Dry Flowers


stepping out
to sunshine and flowers -
January break


a rose
is a rose is a
January rose

JANUARY, a kigo in the World Kigo Database






蝋梅や 遠くある父の 庭思う

first wax-forsythia -
reminding me of father's
far-away garden

. wintersweet -
looking for a right
on the wrong side

. december sunshine -
an early forsythia
streches its head


is a very good smelling waxlike strong flower on a shrub, blooming even if it is snowing outside, a very tough old girl. She grows right next to a red-flowering camellia in my garden, giving even the bleakest winter day some glow of color. Her smell does not transmit via internet, that is too bad.

. Wintersweet - Kigo in the Database .



Tsugaru Daruma


at a familiar face -
all these variations


Tsugaru Glas Daruma


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Cold Morning

a long cold night
coming to an end -
my circle of life


behind the graves
the sun gets ready -
another winter day


Today it was minus 6 centigrade, the coldest morning so far !

Look at the photos, from here to Nr. 24.

Thinking about the cold wave in Russia and Europe, this is still a pleasant time !


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cats cold


on a cold day
ear by ear


sneaking you
a little kiss :
dear mama san

Haiku kun and his mother, O-Tsu
They have taken over two boxes from the Christmas presents and love to lean the head on these side cushions. They spend the whole cold day here on the kitchen table, adding an extra warmth to our soup.

Cats in Paradise .. O-Tsu and Haiku-Kun


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the welcome path
leading to another world -
snow, snow, snow

snow in the temple
the Buddha smiles
in silence

graves in the snow -
to wait for nothing
to want for nothing


Thank you, Mark!
The photos are a curtesy of Mark Schumacher, who visited the temple in January 21, 2006.
Mark Schumacher: All about Buddha Statues

It was one of my favorites when I lived in Kamakura and I visited it very often during all seasons in Kita-Kamakura.
The graveyard in the slopes is very fascinating.

- quote -
Tokeiji is a small branch temple of the Engakuji school within the Rinzai sect of Zen Buddhism. Its head temple, the Engakuji Temple, stands just a few hundred meters away on the opposite side of the railway tracks.

Tokeiji was founded by the wife of the regent Hojo Tokimune in 1285 after Tokimune had died at a young age. Until the end of the Edo Period, the temple served as a shelter for women who suffered abuse by their husbands and sought a divorce.
An official divorce could be attained by staying at the temple for three years.
- source : japan-guide.com -

Reference : Tokeiji


Here is a special treat for the Haiku Friends

James W. Hackett at Tokeiji. September 11, 2002
The grave of R. H. Blyth is also to be found at Tokei-Ji.
Tokei-ji and Dr. Blyth

北鎌倉 東慶寺 2006年1月22日

Tokei-ji Photos


. kekkon 結婚 konrei 婚礼 marriage in Edo
and divorce - engiri .

Amulets to
. Enkiri, engiri 縁切り to cut a bond .  

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- #tokeiji #tokeijikamakura -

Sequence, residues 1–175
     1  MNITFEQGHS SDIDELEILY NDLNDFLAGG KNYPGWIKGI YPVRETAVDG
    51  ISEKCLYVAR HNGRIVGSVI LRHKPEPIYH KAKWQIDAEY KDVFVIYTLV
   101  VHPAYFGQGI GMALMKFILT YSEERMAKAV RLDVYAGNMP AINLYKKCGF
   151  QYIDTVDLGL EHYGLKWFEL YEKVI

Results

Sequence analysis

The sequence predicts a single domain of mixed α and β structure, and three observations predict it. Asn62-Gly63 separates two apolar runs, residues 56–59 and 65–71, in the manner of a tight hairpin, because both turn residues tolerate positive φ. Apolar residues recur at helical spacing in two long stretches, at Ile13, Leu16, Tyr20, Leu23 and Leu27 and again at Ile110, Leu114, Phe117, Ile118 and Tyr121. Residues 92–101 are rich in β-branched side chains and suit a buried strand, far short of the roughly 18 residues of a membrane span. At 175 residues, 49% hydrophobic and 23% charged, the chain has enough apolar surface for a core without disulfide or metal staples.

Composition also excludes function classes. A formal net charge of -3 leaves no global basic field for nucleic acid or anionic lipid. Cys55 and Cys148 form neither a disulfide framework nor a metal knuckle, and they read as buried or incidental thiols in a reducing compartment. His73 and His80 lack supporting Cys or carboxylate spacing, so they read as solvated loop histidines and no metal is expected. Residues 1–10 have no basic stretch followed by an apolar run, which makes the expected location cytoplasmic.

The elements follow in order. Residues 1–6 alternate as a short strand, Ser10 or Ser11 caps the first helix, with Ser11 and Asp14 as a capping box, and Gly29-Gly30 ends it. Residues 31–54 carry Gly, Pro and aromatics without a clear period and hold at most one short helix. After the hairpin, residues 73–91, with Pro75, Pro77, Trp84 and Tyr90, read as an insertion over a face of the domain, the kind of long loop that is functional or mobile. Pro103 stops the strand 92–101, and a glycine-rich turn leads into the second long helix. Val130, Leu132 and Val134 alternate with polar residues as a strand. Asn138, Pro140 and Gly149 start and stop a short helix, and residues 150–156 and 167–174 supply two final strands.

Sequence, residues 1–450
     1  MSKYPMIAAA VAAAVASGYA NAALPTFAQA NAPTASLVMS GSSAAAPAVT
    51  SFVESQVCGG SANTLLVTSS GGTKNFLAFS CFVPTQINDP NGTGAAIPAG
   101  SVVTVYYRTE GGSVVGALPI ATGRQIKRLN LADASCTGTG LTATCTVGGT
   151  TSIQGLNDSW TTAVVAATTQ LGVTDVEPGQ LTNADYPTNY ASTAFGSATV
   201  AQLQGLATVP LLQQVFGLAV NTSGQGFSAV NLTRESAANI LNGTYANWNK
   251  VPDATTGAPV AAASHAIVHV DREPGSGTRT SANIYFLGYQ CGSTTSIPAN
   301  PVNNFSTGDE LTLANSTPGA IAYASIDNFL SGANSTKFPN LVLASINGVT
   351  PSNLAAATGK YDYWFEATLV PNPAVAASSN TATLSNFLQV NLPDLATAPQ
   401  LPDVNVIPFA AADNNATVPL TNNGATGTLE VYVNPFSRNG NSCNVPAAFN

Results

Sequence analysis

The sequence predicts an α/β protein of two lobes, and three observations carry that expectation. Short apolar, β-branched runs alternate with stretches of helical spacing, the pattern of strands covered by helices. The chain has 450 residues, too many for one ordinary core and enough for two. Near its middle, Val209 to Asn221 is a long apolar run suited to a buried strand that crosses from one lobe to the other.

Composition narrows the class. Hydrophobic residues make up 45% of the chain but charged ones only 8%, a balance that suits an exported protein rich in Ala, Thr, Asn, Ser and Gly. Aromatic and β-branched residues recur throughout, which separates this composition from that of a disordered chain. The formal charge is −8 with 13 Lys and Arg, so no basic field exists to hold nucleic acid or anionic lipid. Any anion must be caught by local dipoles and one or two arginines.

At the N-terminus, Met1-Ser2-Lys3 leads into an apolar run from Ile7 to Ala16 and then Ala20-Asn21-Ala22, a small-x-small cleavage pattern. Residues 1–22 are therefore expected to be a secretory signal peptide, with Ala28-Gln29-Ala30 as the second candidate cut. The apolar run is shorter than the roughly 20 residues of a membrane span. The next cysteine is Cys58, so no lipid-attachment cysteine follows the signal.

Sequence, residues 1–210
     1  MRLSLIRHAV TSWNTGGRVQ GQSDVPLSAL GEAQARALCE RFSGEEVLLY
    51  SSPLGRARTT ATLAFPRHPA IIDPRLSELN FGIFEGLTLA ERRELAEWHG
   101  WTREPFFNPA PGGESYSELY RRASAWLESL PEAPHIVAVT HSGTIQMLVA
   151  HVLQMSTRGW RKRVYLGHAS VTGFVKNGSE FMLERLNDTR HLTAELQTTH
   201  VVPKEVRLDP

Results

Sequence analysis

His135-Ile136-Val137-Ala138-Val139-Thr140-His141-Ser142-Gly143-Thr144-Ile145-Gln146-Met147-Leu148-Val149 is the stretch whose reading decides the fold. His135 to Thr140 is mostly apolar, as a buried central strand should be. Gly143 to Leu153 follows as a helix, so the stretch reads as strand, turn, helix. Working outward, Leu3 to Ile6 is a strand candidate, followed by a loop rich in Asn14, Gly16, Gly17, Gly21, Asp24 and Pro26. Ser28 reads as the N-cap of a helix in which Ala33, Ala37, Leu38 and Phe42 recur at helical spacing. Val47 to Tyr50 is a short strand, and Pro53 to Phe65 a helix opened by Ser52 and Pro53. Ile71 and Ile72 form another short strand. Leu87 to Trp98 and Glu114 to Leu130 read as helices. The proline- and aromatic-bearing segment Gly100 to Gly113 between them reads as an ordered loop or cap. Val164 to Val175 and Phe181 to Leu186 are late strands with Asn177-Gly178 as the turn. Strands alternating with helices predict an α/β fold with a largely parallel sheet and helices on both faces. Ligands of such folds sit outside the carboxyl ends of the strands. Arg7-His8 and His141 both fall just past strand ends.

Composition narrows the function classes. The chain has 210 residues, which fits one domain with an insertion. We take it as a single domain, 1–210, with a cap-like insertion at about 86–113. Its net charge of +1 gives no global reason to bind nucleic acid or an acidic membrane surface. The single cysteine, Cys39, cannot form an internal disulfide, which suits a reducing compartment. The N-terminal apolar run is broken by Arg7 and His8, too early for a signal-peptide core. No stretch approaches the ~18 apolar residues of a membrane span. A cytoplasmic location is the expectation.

shoes in the wood


. WKD - - - Cultural Keywords of the World - - - .

September 2 -
kutsu no hi 靴の日 day of the shoes

The second (tsu)  day  of the ninth (ku) month.

This is a pun on the Japanese KU (9) and the English TWO - TSUU - 2 ツー【two】.

Ku 2 no Hi -
the things we learn
via haiku

. geta, Wooden Sandals, Clogs, 下駄 .
waraji, zoori, zôri 草履 straw sandals

sneakers poems by Don Baird
source : Sneaker-Ku


a pair of shoes
in a lone forest -
the Japanese soul

above photo and following article from
The Japan Times: Jan. 17, 2006 (C) All rights reserved


So, what the heck is that?

Dear Alice:
The day after Christmas I went with friends to the top of Jukkoku Pass in Shizuoka Prefecture, which offers fabulous views of Mount Fuji in one direction and the Izu Peninsula in the other. We decided to hike down rather than take the cable car and bus, but shortly after we began our descent we came across a pair of men's dress shoes lined up neatly by the side of the path, toes pointing toward the thick bamboo woods.

For some reason, I was afraid the shoes meant that a suicide had taken place, and I insisted that we take a picture and notify someone. My hunch was confirmed by how seriously the park office took my report. They sent up a search party and called the police, but I don't know what happened after that.
Can you find out?
And can you explain why Japanese take off their shoes before they commit suicide?
Laura B., Yokohama

Dear Laura,
Your photo affected me deeply so I called the park office right away. The man knew exactly what I was talking about. "It's quite a mystery," he said. "We never did find a body, and although we checked the parking lots for abandoned cars and the police checked missing-person reports, nothing has turned up that can be connected with the shoes."

I asked why park officials assumed a suicide when they got your report. "Nantonaku," was all he said, which in this case is probably best translated as "That just seemed to be what it was." When I commented that I had a hard time understanding why someone choose to take off their shoes before they die, especially in the woods in the middle of winter, there was a long pause. "Do you mean to say" (and I could hear the wonder in his voice) "that in your country suicides don't take off their shoes?"

No, and while we're making comparisons, let me interject that Japan's rate of suicide is the highest among all the G7 countries, and more than twice the rate of that in the United States. In 2004, 32,325 people in Japan took their own lives, more than four times the number who died in traffic accidents. Men are far more likely to commit suicide than women, but in some age groups suicide is the leading cause of death for both sexes. Suicide is a very serious problem in Japan, and one that affects those left behind too.